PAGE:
3. IT depends on your fat percentage, above all abdominal fat. Do you have an estimate of it (there are visualization tables which are useful for an approximate estimate, which is all we need). Also, we cannot define protein restriction or AAs restriction if we don't know our specific individual needs. The probability distribution function of basic protein requirement is a lognormal distribution with significant variability, and requirements ranging from about 0.35 to 0.8 g/kg/d in the 90% of all individuals. This is an issue to date without a solution unless you are so patient that you check regularly, for a given amount of protein and a given amount of exercise and a given amount of energy (calories) and a given ratio of macronutrients (above all carbs and fats) and basic typology of diet (vegan diet), your lean mass. You can do it by calipers plus circumference of biceps and thighs and abdomen, trying to keep fat constant and measuring if your muscle mass keeps constant. IF, for a given set of the above variables muscle mass keeps constant, then that's your basic requirement (zero nitrogen balance) and that's the optimum amount of protein, the amount which arguably will enhance your longevity. IF muscle mass decreases, then you are on a negative nitrogen balance and are eating less protein than required. IF muscle mass increases, the other way around. The above assumes a normocaloric diet. If you want to practice CR, then you are very likely to loose muscle mass initially, and it is a decision of yours if that's desirable or not. Many users in this forum do not mind at all about their muscle mass, whereas I do mind. Even if muscle functionality is preserved, I just hate to look emaciated and frail, for example.
  4. mccoy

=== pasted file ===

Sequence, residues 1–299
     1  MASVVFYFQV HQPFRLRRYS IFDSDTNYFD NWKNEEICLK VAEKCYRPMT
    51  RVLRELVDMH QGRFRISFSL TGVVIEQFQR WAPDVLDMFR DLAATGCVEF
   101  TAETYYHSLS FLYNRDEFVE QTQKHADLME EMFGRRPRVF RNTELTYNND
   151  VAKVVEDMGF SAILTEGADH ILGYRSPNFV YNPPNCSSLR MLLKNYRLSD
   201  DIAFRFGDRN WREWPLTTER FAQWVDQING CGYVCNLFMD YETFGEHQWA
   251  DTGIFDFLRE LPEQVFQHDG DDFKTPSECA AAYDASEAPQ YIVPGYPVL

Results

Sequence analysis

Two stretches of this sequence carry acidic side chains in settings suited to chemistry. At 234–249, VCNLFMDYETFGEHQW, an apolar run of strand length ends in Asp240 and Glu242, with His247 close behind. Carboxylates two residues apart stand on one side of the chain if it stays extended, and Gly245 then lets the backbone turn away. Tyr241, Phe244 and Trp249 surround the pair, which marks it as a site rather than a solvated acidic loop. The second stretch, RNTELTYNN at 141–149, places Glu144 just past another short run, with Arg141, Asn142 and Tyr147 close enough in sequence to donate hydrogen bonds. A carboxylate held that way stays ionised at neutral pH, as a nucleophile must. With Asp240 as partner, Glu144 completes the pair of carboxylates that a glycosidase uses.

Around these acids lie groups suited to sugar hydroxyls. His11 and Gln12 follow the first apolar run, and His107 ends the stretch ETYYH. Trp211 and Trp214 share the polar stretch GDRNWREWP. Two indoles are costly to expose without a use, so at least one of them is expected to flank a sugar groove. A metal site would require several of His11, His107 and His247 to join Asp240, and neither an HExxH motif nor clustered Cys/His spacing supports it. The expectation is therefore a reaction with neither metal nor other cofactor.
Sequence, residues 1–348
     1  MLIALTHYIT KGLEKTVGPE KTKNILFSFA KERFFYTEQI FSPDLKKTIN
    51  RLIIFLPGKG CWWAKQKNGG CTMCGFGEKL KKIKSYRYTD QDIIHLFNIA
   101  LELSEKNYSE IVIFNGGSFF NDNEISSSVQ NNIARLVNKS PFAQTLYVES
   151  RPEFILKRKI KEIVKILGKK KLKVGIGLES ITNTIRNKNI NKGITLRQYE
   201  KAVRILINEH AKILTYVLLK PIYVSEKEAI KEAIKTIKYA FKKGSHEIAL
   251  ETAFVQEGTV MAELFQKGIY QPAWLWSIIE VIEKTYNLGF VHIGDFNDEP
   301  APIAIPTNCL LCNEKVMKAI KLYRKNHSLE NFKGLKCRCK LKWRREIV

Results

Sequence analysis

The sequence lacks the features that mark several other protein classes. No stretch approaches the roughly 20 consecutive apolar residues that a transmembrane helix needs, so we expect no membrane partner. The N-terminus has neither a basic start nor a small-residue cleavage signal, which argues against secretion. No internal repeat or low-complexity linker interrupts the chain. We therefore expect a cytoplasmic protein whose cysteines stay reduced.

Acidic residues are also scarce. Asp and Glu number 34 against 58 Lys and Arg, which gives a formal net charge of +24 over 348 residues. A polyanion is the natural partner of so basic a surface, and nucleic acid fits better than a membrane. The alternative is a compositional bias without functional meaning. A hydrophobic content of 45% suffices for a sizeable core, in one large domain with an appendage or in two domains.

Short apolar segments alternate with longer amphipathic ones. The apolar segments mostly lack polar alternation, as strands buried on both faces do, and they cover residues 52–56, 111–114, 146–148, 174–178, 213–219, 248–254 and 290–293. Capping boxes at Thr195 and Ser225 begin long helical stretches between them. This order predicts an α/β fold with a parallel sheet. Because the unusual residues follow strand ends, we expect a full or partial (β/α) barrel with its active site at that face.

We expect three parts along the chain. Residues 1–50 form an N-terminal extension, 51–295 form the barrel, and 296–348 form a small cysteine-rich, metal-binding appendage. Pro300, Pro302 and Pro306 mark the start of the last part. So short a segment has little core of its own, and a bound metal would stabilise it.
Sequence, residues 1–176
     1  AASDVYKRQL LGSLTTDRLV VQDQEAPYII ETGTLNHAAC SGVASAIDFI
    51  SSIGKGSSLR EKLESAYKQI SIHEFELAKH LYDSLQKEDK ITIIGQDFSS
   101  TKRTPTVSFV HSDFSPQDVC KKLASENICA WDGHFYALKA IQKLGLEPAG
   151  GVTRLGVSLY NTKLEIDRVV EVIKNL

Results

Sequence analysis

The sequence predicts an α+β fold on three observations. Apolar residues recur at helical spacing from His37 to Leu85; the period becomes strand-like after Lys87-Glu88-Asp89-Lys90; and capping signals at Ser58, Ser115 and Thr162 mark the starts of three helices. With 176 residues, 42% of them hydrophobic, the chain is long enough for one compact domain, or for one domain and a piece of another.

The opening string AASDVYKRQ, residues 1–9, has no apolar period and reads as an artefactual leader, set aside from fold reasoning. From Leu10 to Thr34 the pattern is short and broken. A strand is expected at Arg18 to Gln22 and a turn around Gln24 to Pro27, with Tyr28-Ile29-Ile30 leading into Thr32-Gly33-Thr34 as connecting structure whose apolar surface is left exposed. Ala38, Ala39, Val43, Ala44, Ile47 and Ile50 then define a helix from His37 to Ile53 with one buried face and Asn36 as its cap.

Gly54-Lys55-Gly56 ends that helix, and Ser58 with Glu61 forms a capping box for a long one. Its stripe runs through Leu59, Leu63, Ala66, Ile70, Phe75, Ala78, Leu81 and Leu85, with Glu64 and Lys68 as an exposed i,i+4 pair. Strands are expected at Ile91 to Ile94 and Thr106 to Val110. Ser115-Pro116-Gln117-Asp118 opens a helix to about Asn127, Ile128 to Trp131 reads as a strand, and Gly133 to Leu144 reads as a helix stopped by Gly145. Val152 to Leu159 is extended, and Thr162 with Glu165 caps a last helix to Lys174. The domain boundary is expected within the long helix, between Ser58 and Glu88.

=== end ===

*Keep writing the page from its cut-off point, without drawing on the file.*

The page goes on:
Ron, the podcast was not very clear about the ApoB suggested range. Could you check please from your lab reports the following data and report here: ApoB normal range LDLp, LDL-C normal range Also, from what I grasped from the podcast, ApoB is about the same as LDL cholesterol (but a more reliable parameter of the atherogenic risk) and ApoA1 is about the same as HDL cholesterol, so we might guess that the ratio ApoB/ApoA1 is about the same as LDL/HDL. If the parameter has not been mentioned, probably they do not believe it's a significant one. Methylmalonic acid, ditto. I would presume that the suggestions to decrease atherogenic risk would be to remain within the lower deciles of ApoB lab range (below the median). Then, they proceed to examine further risk factors and parameters, but lipids, especially so ApoB, is the governing parameter as far as I understood. HDL=ApoA1 would be best within the upper deciles, whereas they don't speak much about triglycerides, but here we all know the lower deciles are best. My last consideration: at this point, we might say that the lower the ApoB-LDL, the best, but at least in my case there is a practical optimization to pursue. That is, I cannot bend all my energies and resources, dietetically speaking, to lowering ApoB as much as I can, since this would entail to eat so few fats that I should renounce the nutrients in nuts for example or other healthy fats, and eat lots of carbs, which would probably increase my blood sugar, which would constitute a risk factor for CVD. Also, I do not tolerate many starches. So, at the end, it's all an individual optimization strategy. Low ApopB/LDL is very good, whereas very low ApopB/LDL, not necessarily so, considering our overall individual balance and requirements.